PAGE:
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December 1, 2017 AT 5:11 pm

CVX4 – Parallel Port 8-Bit DAC Covox Speech Thing Clone

Check out Scali’s OpenBlog about the release of the CVX4 Covox Speech Thing clone! (Available for purchase here.)

In this video from The 8-Bit Guy he gives a breakdown of the original Covox Speech Thing (as well as the Disney Sound Source) with some good context of the era in which the device came out, and why it was so novel:

And this video breaks down what the modern clone is all about:

From Scali’s OpenBlog:

I have covered various early sound solutions from the DOS/8088 era recently, including AdLib, Sound Blaster, PCjr/Tandy’s SN76489 chip, and the trusty old PC speaker itself. One device that has yet to be mentioned however, is the Covox Speech Thing.

So it is basically an 8-bit DAC that plugs into the printer port of a PC (or in theory other computers with a compatible printer port). The DAC is of the ‘resistor ladder‘ type, which is interesting, because a resistor ladder is a passive device. It does not require a power source at all. The analog signal coming from the DAC is not very powerful though, so there is an amplifier integrated into the speakers. You can also run the output into a regular amplifier or recording equipment or such, but the output is not ‘line-level’, it is closer to ‘microphone-level’, so you may want to use a small pre-amplifier between the Covox and your other equipment.

So how does one program sound on a Covox? Well, it is very similar to outputting samples via PWM on the PC speaker, or outputting 4-bit samples by adjusting the volume register on the SN76489. That is, there is no DMA, buffering or timing inside the device whatsoever. The CPU has to write each sample at the exact time that it should be output, so you will either be using a timer interrupt running at the sampling frequency, or a cycle-counted inner loop which outputs a sample at every N CPU cycles. So this means that the sound quality is at least partly related to the replay code being used: the more accurate the timing is, the less temporal jitter the resulting analog signal will have.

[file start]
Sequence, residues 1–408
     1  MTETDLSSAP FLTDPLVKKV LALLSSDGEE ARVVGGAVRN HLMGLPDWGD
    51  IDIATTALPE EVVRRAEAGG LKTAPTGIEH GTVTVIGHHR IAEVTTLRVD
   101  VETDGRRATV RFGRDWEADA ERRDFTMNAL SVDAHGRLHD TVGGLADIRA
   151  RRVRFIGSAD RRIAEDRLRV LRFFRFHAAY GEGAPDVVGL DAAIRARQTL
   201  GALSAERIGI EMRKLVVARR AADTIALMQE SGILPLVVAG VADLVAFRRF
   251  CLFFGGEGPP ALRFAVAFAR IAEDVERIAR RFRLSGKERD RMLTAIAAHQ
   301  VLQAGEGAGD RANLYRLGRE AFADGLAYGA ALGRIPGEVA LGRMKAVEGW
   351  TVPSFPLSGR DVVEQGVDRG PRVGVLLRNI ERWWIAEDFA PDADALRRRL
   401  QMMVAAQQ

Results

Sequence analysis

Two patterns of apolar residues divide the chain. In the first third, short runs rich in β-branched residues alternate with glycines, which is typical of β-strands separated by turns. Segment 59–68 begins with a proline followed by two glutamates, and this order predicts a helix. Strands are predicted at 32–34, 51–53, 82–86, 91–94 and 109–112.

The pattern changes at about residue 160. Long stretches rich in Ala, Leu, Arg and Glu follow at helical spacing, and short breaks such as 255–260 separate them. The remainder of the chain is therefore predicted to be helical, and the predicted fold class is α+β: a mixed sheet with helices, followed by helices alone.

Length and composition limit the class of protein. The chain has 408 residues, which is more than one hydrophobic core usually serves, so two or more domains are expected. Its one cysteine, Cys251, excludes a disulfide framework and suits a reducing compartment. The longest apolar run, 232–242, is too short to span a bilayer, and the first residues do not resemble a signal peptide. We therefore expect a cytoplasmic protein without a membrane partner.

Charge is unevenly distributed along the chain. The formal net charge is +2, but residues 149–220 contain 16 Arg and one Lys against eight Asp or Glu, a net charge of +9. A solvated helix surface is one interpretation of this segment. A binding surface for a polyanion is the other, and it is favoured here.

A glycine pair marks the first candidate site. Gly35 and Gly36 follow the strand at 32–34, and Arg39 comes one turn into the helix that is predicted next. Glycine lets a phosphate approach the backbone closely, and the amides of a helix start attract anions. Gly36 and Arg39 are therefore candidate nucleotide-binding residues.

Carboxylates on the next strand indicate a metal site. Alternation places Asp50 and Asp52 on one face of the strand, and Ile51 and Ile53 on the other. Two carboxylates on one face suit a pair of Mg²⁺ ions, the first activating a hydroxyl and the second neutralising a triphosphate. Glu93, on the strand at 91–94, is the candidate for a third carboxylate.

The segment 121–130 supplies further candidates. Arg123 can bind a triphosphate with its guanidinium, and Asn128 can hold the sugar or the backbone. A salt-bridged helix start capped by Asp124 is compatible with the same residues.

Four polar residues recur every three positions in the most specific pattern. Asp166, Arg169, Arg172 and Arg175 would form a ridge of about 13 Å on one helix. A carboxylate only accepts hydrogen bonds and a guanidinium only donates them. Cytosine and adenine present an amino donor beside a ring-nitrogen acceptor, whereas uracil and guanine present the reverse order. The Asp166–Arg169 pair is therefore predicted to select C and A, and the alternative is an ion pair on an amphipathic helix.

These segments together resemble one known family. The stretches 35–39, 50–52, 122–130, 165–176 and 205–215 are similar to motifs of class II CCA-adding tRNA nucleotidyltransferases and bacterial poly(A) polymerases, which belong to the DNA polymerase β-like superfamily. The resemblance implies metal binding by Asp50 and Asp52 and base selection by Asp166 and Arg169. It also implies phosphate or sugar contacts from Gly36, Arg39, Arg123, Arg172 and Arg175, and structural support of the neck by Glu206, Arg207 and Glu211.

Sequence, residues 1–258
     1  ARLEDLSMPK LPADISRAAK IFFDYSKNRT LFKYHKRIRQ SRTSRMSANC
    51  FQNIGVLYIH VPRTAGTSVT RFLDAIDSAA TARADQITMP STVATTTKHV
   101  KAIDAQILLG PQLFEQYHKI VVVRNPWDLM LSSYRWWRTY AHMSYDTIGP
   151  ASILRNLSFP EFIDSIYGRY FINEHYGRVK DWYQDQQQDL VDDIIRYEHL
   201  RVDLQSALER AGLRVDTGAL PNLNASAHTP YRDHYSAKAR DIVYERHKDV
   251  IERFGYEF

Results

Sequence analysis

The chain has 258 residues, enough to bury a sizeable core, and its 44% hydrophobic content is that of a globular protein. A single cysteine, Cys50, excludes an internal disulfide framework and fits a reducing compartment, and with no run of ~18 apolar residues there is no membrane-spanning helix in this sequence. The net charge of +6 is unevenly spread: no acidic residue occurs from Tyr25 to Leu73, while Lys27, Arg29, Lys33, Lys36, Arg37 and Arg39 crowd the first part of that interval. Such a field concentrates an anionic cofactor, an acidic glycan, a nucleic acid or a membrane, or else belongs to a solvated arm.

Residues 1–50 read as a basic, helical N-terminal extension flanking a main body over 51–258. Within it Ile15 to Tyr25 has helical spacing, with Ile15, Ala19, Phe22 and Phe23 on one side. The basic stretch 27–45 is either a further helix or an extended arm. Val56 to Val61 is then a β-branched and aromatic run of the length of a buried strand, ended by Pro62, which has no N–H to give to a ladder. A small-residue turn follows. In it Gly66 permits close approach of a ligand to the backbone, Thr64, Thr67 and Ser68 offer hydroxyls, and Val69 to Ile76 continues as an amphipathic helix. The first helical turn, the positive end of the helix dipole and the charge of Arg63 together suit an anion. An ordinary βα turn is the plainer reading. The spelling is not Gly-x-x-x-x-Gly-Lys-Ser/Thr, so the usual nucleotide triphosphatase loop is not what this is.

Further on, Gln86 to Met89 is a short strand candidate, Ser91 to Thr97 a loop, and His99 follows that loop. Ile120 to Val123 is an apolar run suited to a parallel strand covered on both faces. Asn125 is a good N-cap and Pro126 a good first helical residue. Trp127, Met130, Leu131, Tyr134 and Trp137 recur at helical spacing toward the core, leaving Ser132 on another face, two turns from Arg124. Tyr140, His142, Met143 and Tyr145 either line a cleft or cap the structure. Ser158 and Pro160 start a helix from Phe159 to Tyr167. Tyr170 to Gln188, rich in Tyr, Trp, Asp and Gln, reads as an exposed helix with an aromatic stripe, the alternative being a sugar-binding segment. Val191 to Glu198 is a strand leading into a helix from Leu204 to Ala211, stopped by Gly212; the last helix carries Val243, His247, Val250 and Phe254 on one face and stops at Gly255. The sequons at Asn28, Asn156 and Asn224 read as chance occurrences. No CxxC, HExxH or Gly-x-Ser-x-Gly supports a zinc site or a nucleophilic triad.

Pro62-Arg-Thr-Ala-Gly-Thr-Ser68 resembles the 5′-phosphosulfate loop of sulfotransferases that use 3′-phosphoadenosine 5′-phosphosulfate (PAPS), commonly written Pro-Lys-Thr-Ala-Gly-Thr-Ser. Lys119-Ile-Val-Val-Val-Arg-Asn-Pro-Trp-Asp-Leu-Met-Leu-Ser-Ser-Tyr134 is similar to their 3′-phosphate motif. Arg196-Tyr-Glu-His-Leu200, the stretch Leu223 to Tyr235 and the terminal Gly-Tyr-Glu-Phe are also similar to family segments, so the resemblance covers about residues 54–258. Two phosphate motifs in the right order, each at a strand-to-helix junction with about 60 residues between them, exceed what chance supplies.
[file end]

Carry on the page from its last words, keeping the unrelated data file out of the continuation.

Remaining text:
So, such a simple device, with so few components (the real Covox has only one component inside, it uses a resistor ladder in a DIP package), and relying so much on the CPU, how good can this sound really? Well, my initial expectations were not that high. Somewhere in the early 90s, before I had my first sound card, I found the schematics for building your own Covox-compatible device. As said, it’s just a simple resistor ladder, so it can be built with just a few components. Various PC demos, trackers and MOD players included Covox support, and schematics. There were (and still are) also various cheap clones of the Covox available.

Read more here.


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